As Charles Spurgeon wrote, “We are not called to proclaim philosophy and metaphysics, but the simple gospel. Man’s fall, his need of a new birth, forgiveness through atonement, and salvation as the result of faith, these are our battle-ax and weapons of war.”

I’d been regurgitating all my knowledge of controversial topics to people who first and foremost needed to know Christ and his purpose for coming to earth. I’d put the wisdom of man, which is folly, above the wisdom of God (1 Cor. 3:19; Prov. 2:6). In evangelism, we’re not called to present our wealth of knowledge. Christ is the true heart of evangelism. Yet when we debate trending topics, Christ is often removed from the center of our witness.

Real Battle

Christ is the true heart of evangelism.

Evangelism is a battle. But we shouldn’t wage war as the world does. There’s a place for demolishing arguments, but not while depending on our own human knowledge. Rather, we’re to rely on the powerful weapons and wisdom of the Holy Spirit, looking not primarily to win the argument but to destroy any mental and relational obstacles that may be preventing people from knowing Christ. In this way, we capture others’ thoughts to draw them to him (2 Cor. 10:3–5).

The real battle doesn’t involve the nonbeliever as the enemy, our knowledge as the weapon, or winning the argument as the prize. It’s a battle against the powers of darkness, and our only hope of defeating it is with the light of gospel truth (Eph. 6:12). The salvation of souls, received by grace through faith in Christ alone, is the prize (Luke 15:7).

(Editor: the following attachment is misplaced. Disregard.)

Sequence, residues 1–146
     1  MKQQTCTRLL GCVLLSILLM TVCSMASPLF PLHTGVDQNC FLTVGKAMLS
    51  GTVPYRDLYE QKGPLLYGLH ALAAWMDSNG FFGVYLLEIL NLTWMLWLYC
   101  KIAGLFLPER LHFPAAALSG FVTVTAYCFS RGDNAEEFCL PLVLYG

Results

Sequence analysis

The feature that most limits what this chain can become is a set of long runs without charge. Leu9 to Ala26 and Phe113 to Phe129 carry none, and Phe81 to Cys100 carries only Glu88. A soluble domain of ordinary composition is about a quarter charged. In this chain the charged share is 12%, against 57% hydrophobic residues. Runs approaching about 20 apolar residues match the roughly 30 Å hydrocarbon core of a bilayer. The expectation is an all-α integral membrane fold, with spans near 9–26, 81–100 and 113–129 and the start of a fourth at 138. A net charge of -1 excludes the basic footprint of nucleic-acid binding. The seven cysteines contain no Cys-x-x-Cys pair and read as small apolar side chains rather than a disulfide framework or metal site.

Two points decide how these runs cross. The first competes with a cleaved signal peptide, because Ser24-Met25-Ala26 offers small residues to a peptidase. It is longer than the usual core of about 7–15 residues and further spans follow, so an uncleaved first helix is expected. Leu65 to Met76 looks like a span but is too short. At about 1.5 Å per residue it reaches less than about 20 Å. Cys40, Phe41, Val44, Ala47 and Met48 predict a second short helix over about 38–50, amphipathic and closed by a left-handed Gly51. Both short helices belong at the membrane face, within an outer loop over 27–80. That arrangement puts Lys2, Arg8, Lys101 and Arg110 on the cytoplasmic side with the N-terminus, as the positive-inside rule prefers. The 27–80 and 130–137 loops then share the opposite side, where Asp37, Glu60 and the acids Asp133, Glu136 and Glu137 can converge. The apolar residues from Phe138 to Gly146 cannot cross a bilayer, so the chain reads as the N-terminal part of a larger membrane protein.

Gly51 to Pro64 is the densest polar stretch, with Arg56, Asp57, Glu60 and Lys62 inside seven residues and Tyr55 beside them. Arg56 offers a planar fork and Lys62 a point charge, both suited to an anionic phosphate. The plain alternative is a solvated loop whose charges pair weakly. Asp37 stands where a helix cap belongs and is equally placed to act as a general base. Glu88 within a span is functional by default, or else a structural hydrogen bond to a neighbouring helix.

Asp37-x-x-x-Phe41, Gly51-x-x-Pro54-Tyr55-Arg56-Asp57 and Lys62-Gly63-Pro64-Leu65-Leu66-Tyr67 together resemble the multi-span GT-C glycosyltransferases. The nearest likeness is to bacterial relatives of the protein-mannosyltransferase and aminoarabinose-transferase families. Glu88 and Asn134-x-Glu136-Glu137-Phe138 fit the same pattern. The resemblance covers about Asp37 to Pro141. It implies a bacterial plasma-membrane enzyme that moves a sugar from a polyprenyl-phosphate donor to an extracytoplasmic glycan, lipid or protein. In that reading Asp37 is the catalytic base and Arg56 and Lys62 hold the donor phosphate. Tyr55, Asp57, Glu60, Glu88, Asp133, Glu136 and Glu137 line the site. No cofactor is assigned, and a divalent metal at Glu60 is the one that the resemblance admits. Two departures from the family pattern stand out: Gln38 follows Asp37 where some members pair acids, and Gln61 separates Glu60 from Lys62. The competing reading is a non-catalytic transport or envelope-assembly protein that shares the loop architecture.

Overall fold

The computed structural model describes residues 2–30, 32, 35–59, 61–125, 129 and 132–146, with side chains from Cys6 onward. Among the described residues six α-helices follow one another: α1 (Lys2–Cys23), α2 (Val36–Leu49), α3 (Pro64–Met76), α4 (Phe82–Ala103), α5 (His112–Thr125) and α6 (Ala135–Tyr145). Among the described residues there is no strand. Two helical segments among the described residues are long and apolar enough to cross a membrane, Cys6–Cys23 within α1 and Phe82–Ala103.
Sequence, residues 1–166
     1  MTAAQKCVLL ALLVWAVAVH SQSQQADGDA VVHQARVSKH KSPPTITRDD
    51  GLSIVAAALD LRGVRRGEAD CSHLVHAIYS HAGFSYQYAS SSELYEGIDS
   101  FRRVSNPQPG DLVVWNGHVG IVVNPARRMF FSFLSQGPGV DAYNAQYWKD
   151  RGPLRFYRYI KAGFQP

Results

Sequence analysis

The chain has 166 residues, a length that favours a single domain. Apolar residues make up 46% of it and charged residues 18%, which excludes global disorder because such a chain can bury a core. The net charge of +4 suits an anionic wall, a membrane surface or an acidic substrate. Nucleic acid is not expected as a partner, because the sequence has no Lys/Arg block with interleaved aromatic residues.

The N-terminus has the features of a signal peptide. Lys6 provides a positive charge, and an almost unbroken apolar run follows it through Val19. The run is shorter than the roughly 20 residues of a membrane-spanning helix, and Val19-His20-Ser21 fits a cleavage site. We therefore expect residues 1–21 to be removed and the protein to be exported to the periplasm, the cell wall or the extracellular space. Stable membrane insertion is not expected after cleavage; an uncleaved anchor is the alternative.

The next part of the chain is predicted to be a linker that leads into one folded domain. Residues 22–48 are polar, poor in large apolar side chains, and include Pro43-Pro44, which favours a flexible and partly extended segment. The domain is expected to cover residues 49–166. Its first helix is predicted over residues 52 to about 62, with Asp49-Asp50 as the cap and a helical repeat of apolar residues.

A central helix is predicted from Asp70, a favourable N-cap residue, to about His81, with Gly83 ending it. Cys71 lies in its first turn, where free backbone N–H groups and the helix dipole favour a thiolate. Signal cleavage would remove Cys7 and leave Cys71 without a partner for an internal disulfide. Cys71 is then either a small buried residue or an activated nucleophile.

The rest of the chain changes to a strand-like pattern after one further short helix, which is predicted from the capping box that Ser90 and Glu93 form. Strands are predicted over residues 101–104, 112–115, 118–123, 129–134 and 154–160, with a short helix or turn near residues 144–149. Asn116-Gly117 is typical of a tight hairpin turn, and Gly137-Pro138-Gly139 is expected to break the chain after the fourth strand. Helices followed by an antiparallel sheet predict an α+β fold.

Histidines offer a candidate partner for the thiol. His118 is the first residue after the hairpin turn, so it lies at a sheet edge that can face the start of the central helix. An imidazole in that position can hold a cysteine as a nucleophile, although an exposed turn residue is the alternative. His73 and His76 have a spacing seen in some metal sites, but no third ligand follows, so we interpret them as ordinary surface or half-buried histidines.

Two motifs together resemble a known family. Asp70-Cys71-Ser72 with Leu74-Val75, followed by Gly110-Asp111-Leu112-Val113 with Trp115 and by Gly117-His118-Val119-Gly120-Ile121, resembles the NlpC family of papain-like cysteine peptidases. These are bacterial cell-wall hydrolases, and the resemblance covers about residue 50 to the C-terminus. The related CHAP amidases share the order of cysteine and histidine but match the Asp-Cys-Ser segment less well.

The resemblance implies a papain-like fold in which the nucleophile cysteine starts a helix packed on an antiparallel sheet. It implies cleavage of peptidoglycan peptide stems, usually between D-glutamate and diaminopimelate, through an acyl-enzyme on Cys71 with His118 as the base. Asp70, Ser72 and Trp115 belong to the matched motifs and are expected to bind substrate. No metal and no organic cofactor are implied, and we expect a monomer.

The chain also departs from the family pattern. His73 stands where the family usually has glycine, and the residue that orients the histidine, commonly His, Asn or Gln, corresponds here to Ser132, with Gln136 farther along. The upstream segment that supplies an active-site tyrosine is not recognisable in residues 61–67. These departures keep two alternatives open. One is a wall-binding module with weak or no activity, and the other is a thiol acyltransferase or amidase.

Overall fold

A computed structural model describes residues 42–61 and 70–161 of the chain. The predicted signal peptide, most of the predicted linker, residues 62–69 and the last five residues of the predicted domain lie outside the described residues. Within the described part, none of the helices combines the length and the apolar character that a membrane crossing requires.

Walk Alongside

Debates about Christianity aimed at anything other than knowing and showing Christ aren’t evangelism. They’re simply debates. I now see these as far from the same thing. In debate, we face the nonbeliever head-on, whereas in evangelism, we walk alongside them.

I once heard a preacher I admire talking about evangelism. He was asked what he’d do if he had one hour to evangelize a nonbeliever. He said he’d spend the first 50 minutes listening and the last 10 sharing the simple truth of the gospel.